This blog was created for the purpose of tracking my journey as a parent, athlete, scholar, and…well, a person who is coming to consciousness about food, health, and the body. You may be wondering what I mean by that, and quite frankly
I’m not really sure. Follow me as I figure it out! Please keep in mind that the choices I will be discussing are from the collective conscience of my household, and we are learning as we go. What is right for us may not be right for another, and vise-versa: that said, nothing I write in this blog claims to be prescriptive or authoritative—you may borrow my recipes as you wish, but be mindful that as of now, they may contain gluten, nuts, dairy, and other animal products. We do not claim to be vegan or vegetarian, nor have we positively identified any food allergies.
I am sharing this journey for my own benefit as well as the benefit of others. This blog is not concerned with weight loss, nor does it approach the body from an aesthetic
perspective. We come in all shapes and sizes, and from my time spent in bodybuilding, sports, and personal training I have come to realize that health happens when the mind, body, and soul stop fighting each other. There are people who may, for whatever reason, truly need to lose weight. There are others who measure their happiness by weight, jeans size, and bodily comparisons; I argue that as long as we measure ourselves in these ways, we will never be truly healthy.
Somehow, the conversation surrounding body image, size, and weight has been reduced to two sides: “It’s ok to be fat,” and “one should strive to be thin.” This binary
leaves very little space for recognizing muscularity, body frame, and genetics. It also fails to address the differences between fat and big, thin and skinny. Terms like skinny fat address the outcome of genetically thin people who accumulate body fat. But
terms like stocky, big-boned, and thick which are often used to describe even the healthiest athletes make skinny fat seem much more desirable.
So, here I am. Baking bread, pureeing pumpkin, and juicing tomatoes. (You’d have thought I’d invented fire if you could have seen me do any of these things for the first time!) If you’re wondering why I’m doing it, how I’m doing it, or how far I’m going to take it, then please be on the lookout for my next post. I will explain everything from start to present. 🙂
I will try to include, at the end of each post, a recipe from at least one meal I made that day. As luck would have it, tonight our dinner was the worst one all week, but I’ll share it anyway. As I will explain in my next post, I haven’t quite perfected the system of weekly farmers’ market shopping. Afraid to buy too much and have it go to waste, I bought too little and was forced to cook dinner with just what I had left: not knowing what to do, I made stew. Please keep in mind, I am not an expert! I can (arguably) make food taste good, and I am still learning about vegetables I have always been too intimidated to bother with. (What am I going to do with rutabegas???!!!)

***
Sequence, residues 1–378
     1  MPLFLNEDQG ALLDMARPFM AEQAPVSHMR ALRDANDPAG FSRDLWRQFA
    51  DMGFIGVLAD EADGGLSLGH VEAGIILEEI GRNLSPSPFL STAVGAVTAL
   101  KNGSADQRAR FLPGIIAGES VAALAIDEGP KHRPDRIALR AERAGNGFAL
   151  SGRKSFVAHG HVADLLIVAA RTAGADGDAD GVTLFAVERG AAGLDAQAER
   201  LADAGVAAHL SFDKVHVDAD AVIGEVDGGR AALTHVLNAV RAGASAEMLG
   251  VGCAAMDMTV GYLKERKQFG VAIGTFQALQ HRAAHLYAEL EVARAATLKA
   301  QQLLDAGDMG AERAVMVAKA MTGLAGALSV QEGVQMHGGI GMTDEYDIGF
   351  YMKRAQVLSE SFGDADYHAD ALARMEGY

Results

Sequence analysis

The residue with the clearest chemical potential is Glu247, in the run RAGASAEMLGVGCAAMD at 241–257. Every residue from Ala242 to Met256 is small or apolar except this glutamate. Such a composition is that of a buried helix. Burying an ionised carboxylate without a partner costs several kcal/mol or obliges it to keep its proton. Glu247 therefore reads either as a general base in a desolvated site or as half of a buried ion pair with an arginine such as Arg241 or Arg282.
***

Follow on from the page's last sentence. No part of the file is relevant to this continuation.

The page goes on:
Random Vegetable Stew:
two tomatoes (pureed in food processor)
two zuchinnis (ha! I don’t even know how to spell that or make it plural…) (sliced)
a small bag of red tomatoes (whole)
a small handful of various spicy peppers I can’t even name yet (chopped)
one green bell pepper (sliced)
a handful of green beans (really long ones…he said they were French?)
First I heated a bit of olive oil and added my chopped garlic. After about a minute, I added the peppers and let them cook for a few minutes. I then added my bell peppers, green beans, and zuchinni (I will know how to spell this by the time they are out of season, I swear) and let them simmer. I transferred the entire thing to a bigger pot and added the tomato puree and potatoes, with about two cups of water. I boiled them for a while with the lid off, and once the water cooked out a bit I put a lid on it for about 20 minutes, until the potatoes were soft.
Not going to lie…it wasn’t the best dinner I’ve made so far. But my six year old ate it!